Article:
Sunday, February 23 from 12:30 - 2:30 PM, Family Gras. Join us for our 2nd annual Family Gras - a family-friendly Mardi Gras celebration at Capitol Cider House. Kids will enjoy complimentary face painting, balloon animals, festive crafts, beads (gently) thrown from a cider house float. Adults will enjoy our stellar weekday happy hour: $4 pours of house cider, $5 craft beer, $6 local wine, $7 cocktails. As an added bonus, we're flying in king cake from Gambino's - a legendary New Orleans bakery. Tickets ($10) required for ALL AGES. It's highly recommended to purchase tickets ahead of time - go to: Tickets sell fast and the event is expected to sell out before doors open. Full food and drink menus will be available. Laissez les bon temps rouler! Capitol Cider House is at 3930 Georgia Avenue NW.

Sunday, February 23 at 6 PM, Profs and Pints Presents: “Monumental Controversies,” with Fred Bohrer, professor of art and archaeology at Hood College, art historian, and author of the website Monumental Anxiety: An Anti-Guide to the Monuments of Washington, DC. Even more than most cities, Washington, DC is filled with monuments and commemorative spaces, which generally serve mainly as a sort of backdrop of urban life. In the past few years, though, many public monuments in Washington and elsewhere have faced new scrutiny, criticism and even direct attack. Chief among such controversies is the current battle over Confederate monuments, which can be found in every corner of the nation. In fact, Washington itself has a public, outdoor monument to a confederate general and KKK sympathizer—Albert Pike—disguising him as a poet and philosopher. But many other controversies also play out around monuments. Washington has several that bring up—sometimes mainly through their attempts at avoiding—questions of sexual orientation, disability, ideology, social class, and much more. What is at stake in the new battle over monuments? How and why do monuments today have the power to inspire such vehement passions among both defenders and detractors? This talk is for anyone who has wondered about the prominent place of monuments in cities and towns, the nature of historical memory, and how things such as race, gender, sexuality, and cultural identity are inscribed in America’s public landscape. Advance tickets: $12. Door admission: $15, discount of $2 with a student ID. Listed time is for doors. Talk starts 30 minutes later. At the Bier Baron Tavern, 1523 22nd St NW. Buy tickets online:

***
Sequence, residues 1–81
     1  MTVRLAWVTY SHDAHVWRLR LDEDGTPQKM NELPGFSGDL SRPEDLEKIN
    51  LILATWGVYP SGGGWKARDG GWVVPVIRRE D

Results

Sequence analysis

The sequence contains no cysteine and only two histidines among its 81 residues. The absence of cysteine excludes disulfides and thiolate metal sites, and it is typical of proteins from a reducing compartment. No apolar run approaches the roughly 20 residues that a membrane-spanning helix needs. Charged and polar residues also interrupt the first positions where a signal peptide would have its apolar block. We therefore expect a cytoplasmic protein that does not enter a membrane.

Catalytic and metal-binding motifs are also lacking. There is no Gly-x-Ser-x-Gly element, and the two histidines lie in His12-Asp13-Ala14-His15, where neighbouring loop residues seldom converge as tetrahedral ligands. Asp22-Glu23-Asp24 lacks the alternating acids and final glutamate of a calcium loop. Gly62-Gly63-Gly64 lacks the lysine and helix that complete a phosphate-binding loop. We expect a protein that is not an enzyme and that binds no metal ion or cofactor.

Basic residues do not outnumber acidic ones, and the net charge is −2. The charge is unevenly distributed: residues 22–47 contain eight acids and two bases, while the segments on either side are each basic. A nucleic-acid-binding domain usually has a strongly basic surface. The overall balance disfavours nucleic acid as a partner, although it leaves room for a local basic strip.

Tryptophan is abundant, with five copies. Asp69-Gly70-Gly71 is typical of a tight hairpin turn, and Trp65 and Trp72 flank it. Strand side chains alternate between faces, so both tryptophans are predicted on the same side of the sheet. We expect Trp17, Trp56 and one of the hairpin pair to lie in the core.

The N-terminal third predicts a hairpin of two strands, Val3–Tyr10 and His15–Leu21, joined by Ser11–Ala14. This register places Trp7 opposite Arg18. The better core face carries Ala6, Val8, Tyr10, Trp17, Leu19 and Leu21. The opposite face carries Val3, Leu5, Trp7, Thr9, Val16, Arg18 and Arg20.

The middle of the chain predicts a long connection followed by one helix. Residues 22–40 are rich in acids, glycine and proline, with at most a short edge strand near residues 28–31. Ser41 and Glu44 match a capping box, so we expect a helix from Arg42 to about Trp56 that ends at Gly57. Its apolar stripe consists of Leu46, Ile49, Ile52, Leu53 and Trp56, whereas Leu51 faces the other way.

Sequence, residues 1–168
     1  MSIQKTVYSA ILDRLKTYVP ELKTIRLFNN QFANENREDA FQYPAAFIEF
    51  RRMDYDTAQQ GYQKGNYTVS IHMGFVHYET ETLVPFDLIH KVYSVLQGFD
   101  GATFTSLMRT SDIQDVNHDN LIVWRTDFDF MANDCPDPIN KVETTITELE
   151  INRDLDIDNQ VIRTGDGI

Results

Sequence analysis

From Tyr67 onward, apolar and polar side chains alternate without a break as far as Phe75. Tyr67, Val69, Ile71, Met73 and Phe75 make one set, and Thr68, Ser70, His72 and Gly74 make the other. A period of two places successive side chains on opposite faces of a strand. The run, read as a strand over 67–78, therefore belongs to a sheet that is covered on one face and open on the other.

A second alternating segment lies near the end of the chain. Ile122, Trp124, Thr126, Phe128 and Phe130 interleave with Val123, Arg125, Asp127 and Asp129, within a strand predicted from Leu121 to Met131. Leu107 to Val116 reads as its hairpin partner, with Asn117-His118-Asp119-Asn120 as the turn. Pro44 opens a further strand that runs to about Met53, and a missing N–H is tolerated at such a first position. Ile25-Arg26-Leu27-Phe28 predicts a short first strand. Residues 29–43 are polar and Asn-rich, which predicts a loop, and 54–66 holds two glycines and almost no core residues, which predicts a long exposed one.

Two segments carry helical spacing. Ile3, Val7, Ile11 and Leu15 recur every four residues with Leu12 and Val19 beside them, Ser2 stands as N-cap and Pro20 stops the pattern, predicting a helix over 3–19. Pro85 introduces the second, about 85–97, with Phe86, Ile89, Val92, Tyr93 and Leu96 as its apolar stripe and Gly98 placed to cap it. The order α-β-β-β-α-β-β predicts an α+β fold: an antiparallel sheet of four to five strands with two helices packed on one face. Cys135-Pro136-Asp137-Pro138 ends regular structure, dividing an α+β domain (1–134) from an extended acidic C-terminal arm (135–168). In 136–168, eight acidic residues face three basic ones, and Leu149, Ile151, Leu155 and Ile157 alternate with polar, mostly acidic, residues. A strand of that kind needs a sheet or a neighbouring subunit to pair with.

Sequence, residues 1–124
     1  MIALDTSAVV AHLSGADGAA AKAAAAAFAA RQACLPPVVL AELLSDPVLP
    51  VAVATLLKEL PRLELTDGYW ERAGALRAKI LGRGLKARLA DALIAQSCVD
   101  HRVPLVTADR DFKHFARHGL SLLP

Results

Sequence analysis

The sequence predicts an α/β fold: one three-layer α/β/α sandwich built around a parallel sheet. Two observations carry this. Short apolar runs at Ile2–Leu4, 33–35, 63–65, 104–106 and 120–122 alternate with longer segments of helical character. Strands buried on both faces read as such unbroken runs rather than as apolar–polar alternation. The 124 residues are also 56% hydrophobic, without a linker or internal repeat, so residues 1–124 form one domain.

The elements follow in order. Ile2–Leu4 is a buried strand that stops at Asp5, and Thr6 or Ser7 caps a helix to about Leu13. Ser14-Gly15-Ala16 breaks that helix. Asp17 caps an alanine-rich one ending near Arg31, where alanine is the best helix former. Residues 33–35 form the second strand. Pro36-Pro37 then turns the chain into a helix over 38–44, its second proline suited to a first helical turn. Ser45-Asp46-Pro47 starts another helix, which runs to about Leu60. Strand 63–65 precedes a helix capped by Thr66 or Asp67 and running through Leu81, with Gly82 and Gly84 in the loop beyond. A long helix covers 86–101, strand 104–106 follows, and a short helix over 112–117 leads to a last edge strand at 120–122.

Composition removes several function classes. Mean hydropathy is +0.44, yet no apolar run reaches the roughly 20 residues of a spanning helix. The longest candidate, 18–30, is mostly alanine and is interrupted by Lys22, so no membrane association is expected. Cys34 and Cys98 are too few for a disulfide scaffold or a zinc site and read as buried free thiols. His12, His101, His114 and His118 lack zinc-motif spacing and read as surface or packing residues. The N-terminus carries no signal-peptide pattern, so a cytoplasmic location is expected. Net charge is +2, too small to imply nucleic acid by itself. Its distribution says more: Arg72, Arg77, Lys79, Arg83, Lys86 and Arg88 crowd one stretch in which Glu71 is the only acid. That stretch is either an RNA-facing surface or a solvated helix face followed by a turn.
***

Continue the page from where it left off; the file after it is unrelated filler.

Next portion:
Monday, February 24 at 12 noon, Gallery Talk: “George Washington and His World.” Assistant Curator Amber “Jackie” Streker leads a unique tour through the exhibition George Washington and His World. Discover hidden details about the objects and get an insider’s perspective about curating the exhibition—all from the curator herself. Featuring a variety of artifacts, including letters from George Washington and rare prints and maps, George Washington and His World delves into Washington's life through three locations dear to his heart—Mount Vernon, Alexandria, and early Washington, DC. Free. At The George Washington University Museum and The Textile Museum, 701 21 Street, NW, 

Monday, February. 24 at 6:30 PM, Mosaic on the Move - Reconstruction. The West End Library is excited to host Mosaic Theater for a free staged reading of the play "Reconstruction" by Tom Mintor. Join Mosaic actors and staff for a free reading and discussion of this important play. In the wake of her mother's death, an African American television exec, Ioni Mitchell navigates feelings of isolation.. and loss of family - until memories of her mother take to directing Ioni's focus to a portrait, that has always hung above her bed. In identifying the artist of the portrait, Ioni discovers choices made in an America of the 1870s, whose consequences and deeper secrets haunt an unexpected ancestor, in contemporary France. The play, moving in time between the present and 1875 - America and France - bears witness to a startling family history of caste and color ... which reveals crucial hard truths attached to the reality of freedom ... and freedom of choice. Free. At the West End Library, 2301 L St. NW,

Tuesday, February 25 at 6:30 PM, Politics, Poetry and the Harlem Renaissance. In honor of Black History Month, visit West End Library for a discussion of the interplay of political struggle and artistic expression during the Harlem Renaissance. In spite of the tendency of Harlem Renaissance poets to eschew propaganda and elevate art over politics, the racial situation was so difficult in the interwar period that art and politics frequently became entangled. Among the events that stimulated an artistic response were the Chicago Race Riot of 1919 and the Scottsboro Incident of July 1931. The first was perhaps the worst outbreak of racial violence that spread through the United States during the so-called Red Summer of 1919. The Chicago Riot, as well as most other race riots of this period, was characterized by armed white mobs invading black neighborhoods and inflicting violence on blacks and their property. The Scottsboro Incident began in 1931 in Alabama when nine black teenagers were arrested and accused of sexually assaulting two white women. The trials, appeals and retrials lasted through the 1930s and illustrated the difficulty of African Americans receiving justice in the courts of the segregated South. Links to resources and readings that may aid in your understanding of these events are available here: This program is free and open to all. At the West End Library, 2301 L St. NW.